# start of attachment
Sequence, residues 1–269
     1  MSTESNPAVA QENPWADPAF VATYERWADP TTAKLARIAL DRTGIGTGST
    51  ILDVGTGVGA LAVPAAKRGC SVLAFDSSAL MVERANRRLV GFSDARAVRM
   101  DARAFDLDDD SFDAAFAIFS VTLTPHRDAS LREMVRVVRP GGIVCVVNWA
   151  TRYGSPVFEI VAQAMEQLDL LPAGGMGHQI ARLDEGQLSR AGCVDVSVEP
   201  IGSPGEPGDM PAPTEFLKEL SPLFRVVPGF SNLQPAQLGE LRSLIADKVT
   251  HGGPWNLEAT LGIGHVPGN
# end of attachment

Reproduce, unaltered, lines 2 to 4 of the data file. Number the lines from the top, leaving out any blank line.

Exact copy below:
     1  MSTESNPAVA QENPWADPAF VATYERWADP TTAKLARIAL DRTGIGTGST
    51  ILDVGTGVGA LAVPAAKRGC SVLAFDSSAL MVERANRRLV GFSDARAVRM
   101  DARAFDLDDD SFDAAFAIFS VTLTPHRDAS LREMVRVVRP GGIVCVVNWA